Coco Chanel has long been considered a figure of supreme luxury in fashion and jewelry. Little black dresses, layers of pearls, signature skirted suits complete with her trademark collarless cardigans, classic quilted handbags and the unforgettable No. 5 perfume were essentials in her own life, and famously became staples in the wardrobes and powder rooms of countless women worldwide.
The fashion and jewelry icon has been emulated and adored since 1910, when the house of Chanel was founded. She was a trailblazer for women everywhere, encouraging them to take their bodies back and untangle themselves from restrictive fashion. She snubbed bustiers, corsets and complicated dresses, instead embracing a chic, modern rebellious sort of fashion, yet never compromising style and grace.
However, while poverty may be the last word that comes to mind when you think about Coco Chanel, her upbringing was anything but opulent. Born Gabrielle Bonheur Chanel in a poorhouse on August 19th, 1883, Chanel was one of five siblings born to Albert Chanel and Jeanne Devolle.
When Chanel was just 12, her mother died of tuberculosis, and her father, a peddler, left Chanel at the orphanage in the Roman Catholic monastery of Aubazine. Chanel spent seven years at the orphanage, and though these times must have been trying and lonely, she made good use of them by learning to be a seamstress. As we now know, this skill would serve her very well in the years to come.
During school breaks, Chanel would stay with extended family in the province capital. Her female relatives taught Chanel to bring an artful edge and fanciful flair to her sewing - tricks that were beyond the basic skills that the nuns at the orphanage were able to teach her. When she turned 18, Chanel left the orphanage and, having already fallen in love with the construction of clothing, she took a job with a local tailor.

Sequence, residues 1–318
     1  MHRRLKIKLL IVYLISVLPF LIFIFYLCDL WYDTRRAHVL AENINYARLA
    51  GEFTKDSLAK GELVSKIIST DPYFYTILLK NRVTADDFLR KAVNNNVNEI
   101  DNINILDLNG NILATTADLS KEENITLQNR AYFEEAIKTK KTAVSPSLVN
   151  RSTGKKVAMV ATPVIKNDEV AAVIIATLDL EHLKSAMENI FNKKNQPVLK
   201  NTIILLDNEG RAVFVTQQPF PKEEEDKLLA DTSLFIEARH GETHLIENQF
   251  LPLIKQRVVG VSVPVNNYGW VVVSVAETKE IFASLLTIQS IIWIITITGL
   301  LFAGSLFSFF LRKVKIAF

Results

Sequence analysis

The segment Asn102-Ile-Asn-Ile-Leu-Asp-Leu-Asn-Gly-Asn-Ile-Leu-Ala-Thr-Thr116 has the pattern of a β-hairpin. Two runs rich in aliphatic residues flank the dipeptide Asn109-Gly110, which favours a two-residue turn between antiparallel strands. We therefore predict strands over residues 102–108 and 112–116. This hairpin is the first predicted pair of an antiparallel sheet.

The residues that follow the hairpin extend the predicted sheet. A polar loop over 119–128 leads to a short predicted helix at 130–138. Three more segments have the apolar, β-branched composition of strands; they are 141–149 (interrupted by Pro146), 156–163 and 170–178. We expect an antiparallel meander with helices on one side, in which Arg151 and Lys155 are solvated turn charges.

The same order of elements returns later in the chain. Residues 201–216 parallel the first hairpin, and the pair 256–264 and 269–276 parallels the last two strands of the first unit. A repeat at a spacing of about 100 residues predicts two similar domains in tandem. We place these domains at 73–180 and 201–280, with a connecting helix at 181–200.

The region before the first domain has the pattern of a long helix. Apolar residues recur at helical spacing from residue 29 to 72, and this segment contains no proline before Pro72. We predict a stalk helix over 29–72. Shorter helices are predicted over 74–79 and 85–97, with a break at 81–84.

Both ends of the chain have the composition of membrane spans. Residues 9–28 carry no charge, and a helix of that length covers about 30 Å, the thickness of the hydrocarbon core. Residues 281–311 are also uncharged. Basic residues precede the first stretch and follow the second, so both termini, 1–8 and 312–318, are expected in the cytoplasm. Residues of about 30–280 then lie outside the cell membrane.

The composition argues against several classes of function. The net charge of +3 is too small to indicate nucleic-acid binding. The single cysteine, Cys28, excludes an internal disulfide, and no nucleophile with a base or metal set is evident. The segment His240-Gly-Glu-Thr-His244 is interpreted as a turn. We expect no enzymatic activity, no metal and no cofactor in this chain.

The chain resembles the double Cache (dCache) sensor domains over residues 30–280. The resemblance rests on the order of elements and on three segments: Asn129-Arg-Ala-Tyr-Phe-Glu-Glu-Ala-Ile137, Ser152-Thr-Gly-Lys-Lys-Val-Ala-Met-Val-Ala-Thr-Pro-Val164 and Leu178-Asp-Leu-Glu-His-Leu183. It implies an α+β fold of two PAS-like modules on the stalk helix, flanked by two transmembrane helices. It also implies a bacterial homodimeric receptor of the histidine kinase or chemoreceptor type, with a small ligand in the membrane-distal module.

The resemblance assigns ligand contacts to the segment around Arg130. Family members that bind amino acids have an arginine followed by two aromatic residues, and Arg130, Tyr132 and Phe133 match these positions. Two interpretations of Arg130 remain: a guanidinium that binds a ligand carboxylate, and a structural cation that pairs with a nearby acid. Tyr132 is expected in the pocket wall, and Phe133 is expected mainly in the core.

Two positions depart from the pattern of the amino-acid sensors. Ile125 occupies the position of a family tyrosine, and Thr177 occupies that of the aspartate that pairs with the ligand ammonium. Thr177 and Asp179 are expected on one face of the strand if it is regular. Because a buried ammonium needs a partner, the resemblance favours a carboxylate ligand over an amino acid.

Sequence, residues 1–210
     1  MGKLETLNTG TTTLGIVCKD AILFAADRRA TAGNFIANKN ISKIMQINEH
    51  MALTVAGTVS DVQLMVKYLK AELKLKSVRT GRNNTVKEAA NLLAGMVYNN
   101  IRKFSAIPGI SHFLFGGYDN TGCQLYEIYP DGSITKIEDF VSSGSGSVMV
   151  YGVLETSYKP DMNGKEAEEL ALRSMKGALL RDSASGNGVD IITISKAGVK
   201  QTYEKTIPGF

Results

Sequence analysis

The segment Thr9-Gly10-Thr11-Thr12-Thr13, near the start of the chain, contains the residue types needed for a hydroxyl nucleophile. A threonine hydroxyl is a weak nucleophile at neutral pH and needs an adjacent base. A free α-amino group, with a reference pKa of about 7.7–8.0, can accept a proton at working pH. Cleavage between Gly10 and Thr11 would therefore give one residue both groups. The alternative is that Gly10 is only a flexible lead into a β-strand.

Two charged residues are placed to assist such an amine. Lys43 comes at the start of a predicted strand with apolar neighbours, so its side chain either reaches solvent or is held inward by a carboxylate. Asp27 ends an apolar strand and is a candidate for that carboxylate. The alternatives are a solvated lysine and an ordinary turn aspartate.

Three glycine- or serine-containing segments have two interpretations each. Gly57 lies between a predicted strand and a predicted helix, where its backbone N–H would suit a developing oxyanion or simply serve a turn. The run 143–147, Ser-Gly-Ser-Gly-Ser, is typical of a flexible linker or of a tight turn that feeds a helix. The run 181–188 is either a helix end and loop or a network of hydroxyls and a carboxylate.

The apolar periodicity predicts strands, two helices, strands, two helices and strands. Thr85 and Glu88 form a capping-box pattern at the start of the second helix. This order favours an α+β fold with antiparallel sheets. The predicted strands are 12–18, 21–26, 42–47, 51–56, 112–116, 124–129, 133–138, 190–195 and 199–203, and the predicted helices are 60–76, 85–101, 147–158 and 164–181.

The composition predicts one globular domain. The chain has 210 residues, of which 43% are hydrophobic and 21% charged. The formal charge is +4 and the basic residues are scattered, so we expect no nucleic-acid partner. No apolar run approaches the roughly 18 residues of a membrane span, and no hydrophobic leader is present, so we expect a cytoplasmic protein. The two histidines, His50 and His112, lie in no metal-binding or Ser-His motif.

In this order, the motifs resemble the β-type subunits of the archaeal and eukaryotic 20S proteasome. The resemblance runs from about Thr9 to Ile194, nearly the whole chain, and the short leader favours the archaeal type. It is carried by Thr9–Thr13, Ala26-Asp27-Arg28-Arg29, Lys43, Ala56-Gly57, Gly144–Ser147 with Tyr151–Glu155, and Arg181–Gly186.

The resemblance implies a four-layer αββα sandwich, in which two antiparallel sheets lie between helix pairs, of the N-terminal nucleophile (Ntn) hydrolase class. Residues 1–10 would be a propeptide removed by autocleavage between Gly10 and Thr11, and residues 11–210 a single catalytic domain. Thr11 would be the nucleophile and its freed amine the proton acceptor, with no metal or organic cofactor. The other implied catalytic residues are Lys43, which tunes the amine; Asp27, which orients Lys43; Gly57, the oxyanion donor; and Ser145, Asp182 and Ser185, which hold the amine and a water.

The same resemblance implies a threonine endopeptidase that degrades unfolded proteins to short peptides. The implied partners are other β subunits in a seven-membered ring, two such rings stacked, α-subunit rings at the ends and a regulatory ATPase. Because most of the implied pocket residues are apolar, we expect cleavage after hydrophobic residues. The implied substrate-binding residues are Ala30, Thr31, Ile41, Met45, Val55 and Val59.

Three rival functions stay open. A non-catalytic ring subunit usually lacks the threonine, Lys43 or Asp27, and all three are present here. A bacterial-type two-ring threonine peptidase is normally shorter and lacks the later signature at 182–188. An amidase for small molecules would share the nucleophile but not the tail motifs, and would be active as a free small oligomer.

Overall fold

Eventually, Chanel was overcome with a yearning for something more than what provincial France had to offer, and she fled to Moulins with hopes of becoming a singer. Her career as a chanteuse was short lived, though legend has it that it was during her singing days that she received the nickname Coco, which stuck. But there is much speculation on how the name came to be, and one article quotes Chanel explaining it as simply a shortened version of cocotte, the French word for 'kept woman.”
After coming to the disappointing realization that a singing career wasn't in the cards for her, Chanel met Étienne Balsan, a charming (and married) French millionaire who swept her off her feet. Having come from poverty, Chanel was in a completely different world with Balsan, and she was certainly smitten by the diamonds, expensive dresses, strings of pearls and other luxuries he lavished upon her.